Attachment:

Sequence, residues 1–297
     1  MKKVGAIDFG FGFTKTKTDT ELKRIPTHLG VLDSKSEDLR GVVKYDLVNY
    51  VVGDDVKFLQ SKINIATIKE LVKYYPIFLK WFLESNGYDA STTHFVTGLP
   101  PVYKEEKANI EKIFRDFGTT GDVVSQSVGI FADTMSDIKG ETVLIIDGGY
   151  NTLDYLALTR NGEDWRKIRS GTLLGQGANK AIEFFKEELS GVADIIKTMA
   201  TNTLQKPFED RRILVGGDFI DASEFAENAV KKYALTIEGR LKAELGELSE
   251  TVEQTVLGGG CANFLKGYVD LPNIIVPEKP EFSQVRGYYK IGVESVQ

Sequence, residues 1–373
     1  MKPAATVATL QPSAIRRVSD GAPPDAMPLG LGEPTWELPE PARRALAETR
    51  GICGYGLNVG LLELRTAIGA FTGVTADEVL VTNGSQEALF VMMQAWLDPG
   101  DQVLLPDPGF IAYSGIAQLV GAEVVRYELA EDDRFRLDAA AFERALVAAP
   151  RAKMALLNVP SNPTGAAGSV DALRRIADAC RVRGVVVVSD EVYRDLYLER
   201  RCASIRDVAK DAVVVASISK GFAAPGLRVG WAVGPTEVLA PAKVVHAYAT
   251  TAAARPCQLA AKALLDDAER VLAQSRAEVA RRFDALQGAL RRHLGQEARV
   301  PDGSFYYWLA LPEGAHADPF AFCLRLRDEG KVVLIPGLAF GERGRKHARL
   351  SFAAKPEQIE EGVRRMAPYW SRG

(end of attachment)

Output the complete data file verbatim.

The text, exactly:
Sequence, residues 1–297
     1  MKKVGAIDFG FGFTKTKTDT ELKRIPTHLG VLDSKSEDLR GVVKYDLVNY
    51  VVGDDVKFLQ SKINIATIKE LVKYYPIFLK WFLESNGYDA STTHFVTGLP
   101  PVYKEEKANI EKIFRDFGTT GDVVSQSVGI FADTMSDIKG ETVLIIDGGY
   151  NTLDYLALTR NGEDWRKIRS GTLLGQGANK AIEFFKEELS GVADIIKTMA
   201  TNTLQKPFED RRILVGGDFI DASEFAENAV KKYALTIEGR LKAELGELSE
   251  TVEQTVLGGG CANFLKGYVD LPNIIVPEKP EFSQVRGYYK IGVESVQ

Sequence, residues 1–373
     1  MKPAATVATL QPSAIRRVSD GAPPDAMPLG LGEPTWELPE PARRALAETR
    51  GICGYGLNVG LLELRTAIGA FTGVTADEVL VTNGSQEALF VMMQAWLDPG
   101  DQVLLPDPGF IAYSGIAQLV GAEVVRYELA EDDRFRLDAA AFERALVAAP
   151  RAKMALLNVP SNPTGAAGSV DALRRIADAC RVRGVVVVSD EVYRDLYLER
   201  RCASIRDVAK DAVVVASISK GFAAPGLRVG WAVGPTEVLA PAKVVHAYAT
   251  TAAARPCQLA AKALLDDAER VLAQSRAEVA RRFDALQGAL RRHLGQEARV
   301  PDGSFYYWLA LPEGAHADPF AFCLRLRDEG KVVLIPGLAF GERGRKHARL
   351  SFAAKPEQIE EGVRRMAPYW SRG